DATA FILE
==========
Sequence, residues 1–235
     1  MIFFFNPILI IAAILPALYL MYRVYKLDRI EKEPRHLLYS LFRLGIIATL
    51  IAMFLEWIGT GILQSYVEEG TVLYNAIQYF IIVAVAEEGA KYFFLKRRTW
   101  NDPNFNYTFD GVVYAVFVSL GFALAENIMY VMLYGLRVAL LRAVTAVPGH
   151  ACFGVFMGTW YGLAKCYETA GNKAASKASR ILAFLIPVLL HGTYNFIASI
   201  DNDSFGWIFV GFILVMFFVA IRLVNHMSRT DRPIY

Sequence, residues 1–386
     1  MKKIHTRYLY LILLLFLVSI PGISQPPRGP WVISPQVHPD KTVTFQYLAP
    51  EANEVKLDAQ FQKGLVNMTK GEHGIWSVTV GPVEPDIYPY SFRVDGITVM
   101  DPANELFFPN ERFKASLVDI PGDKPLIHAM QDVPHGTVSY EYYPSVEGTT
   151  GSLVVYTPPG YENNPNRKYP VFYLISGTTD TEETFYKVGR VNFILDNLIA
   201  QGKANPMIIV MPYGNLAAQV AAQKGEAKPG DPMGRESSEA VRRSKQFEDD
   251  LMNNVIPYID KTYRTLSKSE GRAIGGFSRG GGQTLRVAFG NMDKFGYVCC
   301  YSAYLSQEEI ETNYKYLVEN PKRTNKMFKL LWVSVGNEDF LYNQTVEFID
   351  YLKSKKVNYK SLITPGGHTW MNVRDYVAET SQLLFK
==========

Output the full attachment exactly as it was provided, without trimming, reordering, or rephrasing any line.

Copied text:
Sequence, residues 1–235
     1  MIFFFNPILI IAAILPALYL MYRVYKLDRI EKEPRHLLYS LFRLGIIATL
    51  IAMFLEWIGT GILQSYVEEG TVLYNAIQYF IIVAVAEEGA KYFFLKRRTW
   101  NDPNFNYTFD GVVYAVFVSL GFALAENIMY VMLYGLRVAL LRAVTAVPGH
   151  ACFGVFMGTW YGLAKCYETA GNKAASKASR ILAFLIPVLL HGTYNFIASI
   201  DNDSFGWIFV GFILVMFFVA IRLVNHMSRT DRPIY

Sequence, residues 1–386
     1  MKKIHTRYLY LILLLFLVSI PGISQPPRGP WVISPQVHPD KTVTFQYLAP
    51  EANEVKLDAQ FQKGLVNMTK GEHGIWSVTV GPVEPDIYPY SFRVDGITVM
   101  DPANELFFPN ERFKASLVDI PGDKPLIHAM QDVPHGTVSY EYYPSVEGTT
   151  GSLVVYTPPG YENNPNRKYP VFYLISGTTD TEETFYKVGR VNFILDNLIA
   201  QGKANPMIIV MPYGNLAAQV AAQKGEAKPG DPMGRESSEA VRRSKQFEDD
   251  LMNNVIPYID KTYRTLSKSE GRAIGGFSRG GGQTLRVAFG NMDKFGYVCC
   301  YSAYLSQEEI ETNYKYLVEN PKRTNKMFKL LWVSVGNEDF LYNQTVEFID
   351  YLKSKKVNYK SLITPGGHTW MNVRDYVAET SQLLFK